Examining the Mathematical Knowledge for Teaching Involved in Pre-service Teachers’ Reflections

Published: 
Oct. 01, 2013

Source: Teaching and Teacher Education, Volume 35 (October, 2013) 146-156.
(Review by the Portal Team)

This study seeks examine the mathematical knowledge for teaching involved in reflection.
It addresses to the following research questions:
(1) What aspects of mathematical knowledge for teaching do pre-service teachers include and emphasize in their reflections on teaching mathematics?
(2) What insights do pre-service teachers’ reflections provide into their mathematical knowledge for teaching?

Method
The participants were twenty-four elementary pre-service teachers, who completed the integrated mathematics content and mathematics education course during the time of the study.
Data included four reflective journals written by 24 pre-service teachers over the course of four weeks.

Discussion

The first finding of this study indicates that mathematical knowledge for teaching is involved in reflection and supports the analytic quality of reflection, thus making reflection more productive.
The strength of preservice teachers’ knowledge, then, may be a factor in the analytic quality of their reflection.
To strengthen pre-service teachers’ knowledge and improve the analytic quality of their reflections, teacher educators need to specify that the knowledge needed for teaching is also involved in reflection.

To make this connection, teacher educators can merge theoretical models for teacher reflection and teacher knowledge.
One way for teacher educators to merge teacher reflection and teacher knowledge is to design prompts that explicitly ask pre-service teachers to address content, teaching, and students in their reflections.
Designing focused prompts specifies the knowledge involved in teaching, assists pre-service teachers in making connections between teaching and reflecting, and provides pre-service teachers additional opportunities to strengthen the knowledge needed for teaching and reflection.

Furthermore, pre-service teachers lacking motivation for reflection might benefit from class discussions about their reflections to assist them in elaborating on the interesting complexities involved in their own teaching.
During these discussions, teacher educators can model how to analyse problematic situations, motivating pre-service teachers to learn how to use their reflection to find solutions
to the problems involved in their own teaching.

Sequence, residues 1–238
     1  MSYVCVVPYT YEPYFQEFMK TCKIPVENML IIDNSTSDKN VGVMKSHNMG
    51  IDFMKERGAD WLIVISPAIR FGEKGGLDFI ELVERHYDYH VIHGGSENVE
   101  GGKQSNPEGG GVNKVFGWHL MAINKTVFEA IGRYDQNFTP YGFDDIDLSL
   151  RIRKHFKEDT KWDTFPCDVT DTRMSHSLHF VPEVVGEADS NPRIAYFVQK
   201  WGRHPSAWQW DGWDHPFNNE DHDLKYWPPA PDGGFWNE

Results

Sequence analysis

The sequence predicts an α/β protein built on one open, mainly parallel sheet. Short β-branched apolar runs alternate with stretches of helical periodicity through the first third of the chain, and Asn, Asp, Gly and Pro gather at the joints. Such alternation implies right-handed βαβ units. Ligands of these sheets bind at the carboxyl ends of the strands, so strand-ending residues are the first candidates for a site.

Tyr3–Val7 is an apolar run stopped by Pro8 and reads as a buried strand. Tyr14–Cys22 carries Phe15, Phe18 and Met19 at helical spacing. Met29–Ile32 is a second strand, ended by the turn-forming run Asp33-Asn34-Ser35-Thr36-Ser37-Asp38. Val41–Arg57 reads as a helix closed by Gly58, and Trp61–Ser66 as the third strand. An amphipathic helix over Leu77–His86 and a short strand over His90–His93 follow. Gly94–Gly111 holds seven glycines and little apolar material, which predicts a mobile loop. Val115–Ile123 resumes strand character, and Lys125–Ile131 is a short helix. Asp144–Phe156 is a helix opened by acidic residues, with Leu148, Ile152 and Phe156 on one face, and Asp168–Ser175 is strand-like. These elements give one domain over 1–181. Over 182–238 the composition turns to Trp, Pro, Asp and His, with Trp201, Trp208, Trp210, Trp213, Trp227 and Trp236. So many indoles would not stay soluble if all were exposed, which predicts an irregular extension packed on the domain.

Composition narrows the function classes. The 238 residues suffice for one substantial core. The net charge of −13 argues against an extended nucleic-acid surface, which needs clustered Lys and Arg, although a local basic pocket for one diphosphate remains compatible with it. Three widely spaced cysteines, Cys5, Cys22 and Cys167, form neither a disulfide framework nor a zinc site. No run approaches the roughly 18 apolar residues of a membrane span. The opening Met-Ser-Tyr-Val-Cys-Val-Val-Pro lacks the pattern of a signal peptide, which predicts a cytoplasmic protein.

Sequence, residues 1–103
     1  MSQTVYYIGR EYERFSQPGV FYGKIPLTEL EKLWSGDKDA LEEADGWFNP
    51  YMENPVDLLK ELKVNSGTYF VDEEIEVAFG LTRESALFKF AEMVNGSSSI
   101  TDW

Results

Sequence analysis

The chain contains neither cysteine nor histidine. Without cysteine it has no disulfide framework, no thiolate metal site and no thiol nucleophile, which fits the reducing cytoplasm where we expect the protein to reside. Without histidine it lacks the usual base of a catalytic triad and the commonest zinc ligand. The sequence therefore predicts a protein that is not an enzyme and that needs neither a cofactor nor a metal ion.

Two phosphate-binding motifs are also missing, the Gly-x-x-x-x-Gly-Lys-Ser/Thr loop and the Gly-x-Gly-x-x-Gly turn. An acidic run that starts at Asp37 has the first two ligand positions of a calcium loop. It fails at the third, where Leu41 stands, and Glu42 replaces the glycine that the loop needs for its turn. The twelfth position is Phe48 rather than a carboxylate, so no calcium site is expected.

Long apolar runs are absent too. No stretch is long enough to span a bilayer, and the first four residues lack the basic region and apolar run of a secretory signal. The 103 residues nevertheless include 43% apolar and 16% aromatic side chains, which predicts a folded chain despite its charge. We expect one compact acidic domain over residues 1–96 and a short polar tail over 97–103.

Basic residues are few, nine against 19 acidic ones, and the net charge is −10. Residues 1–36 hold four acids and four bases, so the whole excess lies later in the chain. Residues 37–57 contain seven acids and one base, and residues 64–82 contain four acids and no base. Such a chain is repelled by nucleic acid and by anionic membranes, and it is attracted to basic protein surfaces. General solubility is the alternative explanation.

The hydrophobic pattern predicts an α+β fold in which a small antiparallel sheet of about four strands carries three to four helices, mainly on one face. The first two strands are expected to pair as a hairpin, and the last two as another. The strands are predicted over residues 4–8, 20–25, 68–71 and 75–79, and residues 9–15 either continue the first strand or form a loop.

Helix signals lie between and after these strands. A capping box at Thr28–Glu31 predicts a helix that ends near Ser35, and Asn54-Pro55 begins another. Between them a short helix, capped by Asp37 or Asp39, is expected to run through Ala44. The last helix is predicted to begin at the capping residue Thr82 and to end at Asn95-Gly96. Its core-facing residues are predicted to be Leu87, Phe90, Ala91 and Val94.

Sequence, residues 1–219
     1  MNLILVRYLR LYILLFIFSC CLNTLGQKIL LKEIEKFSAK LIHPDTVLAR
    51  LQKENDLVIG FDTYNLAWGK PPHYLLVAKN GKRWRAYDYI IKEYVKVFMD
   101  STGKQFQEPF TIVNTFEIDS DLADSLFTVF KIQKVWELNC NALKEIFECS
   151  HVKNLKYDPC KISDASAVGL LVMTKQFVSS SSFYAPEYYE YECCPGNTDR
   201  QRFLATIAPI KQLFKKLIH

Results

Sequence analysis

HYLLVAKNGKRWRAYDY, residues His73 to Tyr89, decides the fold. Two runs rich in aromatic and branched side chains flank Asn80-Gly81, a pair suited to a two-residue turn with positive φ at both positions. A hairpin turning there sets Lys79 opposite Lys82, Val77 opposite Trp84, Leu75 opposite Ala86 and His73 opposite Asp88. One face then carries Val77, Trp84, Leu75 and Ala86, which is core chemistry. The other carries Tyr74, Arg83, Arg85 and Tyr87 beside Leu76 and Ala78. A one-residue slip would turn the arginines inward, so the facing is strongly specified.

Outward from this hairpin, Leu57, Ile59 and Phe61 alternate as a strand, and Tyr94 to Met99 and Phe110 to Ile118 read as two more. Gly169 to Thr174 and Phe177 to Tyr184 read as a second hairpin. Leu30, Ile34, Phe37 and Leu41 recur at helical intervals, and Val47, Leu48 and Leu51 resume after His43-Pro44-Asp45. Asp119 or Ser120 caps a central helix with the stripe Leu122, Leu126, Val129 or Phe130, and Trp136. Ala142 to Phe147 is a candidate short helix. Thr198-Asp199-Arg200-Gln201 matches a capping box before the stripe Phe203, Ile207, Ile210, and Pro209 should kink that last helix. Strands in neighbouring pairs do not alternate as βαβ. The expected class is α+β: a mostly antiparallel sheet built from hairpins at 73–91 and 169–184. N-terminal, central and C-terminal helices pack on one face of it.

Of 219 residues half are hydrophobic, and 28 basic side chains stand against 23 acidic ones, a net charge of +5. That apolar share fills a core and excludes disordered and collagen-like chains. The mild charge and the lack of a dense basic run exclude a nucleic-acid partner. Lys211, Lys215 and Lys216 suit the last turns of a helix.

The second result is that focus on content promotes knowledge integration.
This study highlights how content is pivotal in helping preservice teachers integrate the aspects of mathematical knowledge for teaching in their reflections.
Teacher educators must support pre-service teachers in making the content involved in teaching the focus of reflection.

The last finding of this study shows how pre-service teachers’ reflections can provide a diagnostic tool that sheds light on their mathematical knowledge for teaching.
Overall, the pre-service teachers in this study included common content knowledge most often in their reflections followed by specialized content knowledge, knowledge of content and teaching, and knowledge of content and students.
The aspects the pre-service teachers included most often may be the aspects they are most knowledgeable of.
In this study, the pre-service teachers included knowledge of content and students less frequently than the other aspects, suggesting that their knowledge of this aspect was weaker.

Ball et al. (2008) explain that one of the tasks of teaching associated with knowledge of students includes listening to and interpreting student thinking.
Teacher educators should distinguish listening from interpreting to build on what pre-service teachers know how to do, listen and describe.
Teacher educators, for instance, could model for pre-service teachers the difference between listening and interpreting using video of students engaged in solving mathematical tasks.
Asking pre-service teachers to view video to describe student actions and then model for pre-service teachers how to interpret what student actions mean may provide the scaffolding pre-service teachers need to move beyond listening toward interpretation.

 

Conclusion

The author concludes that the ability to analytically reflect on practice assists teachers in using their reflection to become effective teachers over time.
Focusing on the specific knowledge involved in reflection further supports pre-service teachers in learning how to analytically reflect on their teaching.
Teacher reflection and teacher knowledge should be viewed as integrated components of teacher preparation to support pre-service teachers in learning how to use their knowledge to reflect on their practice.
 

Reference
Ball, D. L., Thames, M. H., & Phelps, G. (2008). Content knowledge for teaching: what makes it special? Journal of Teacher Education, 59, 389-407.

Updated: Mar. 11, 2015
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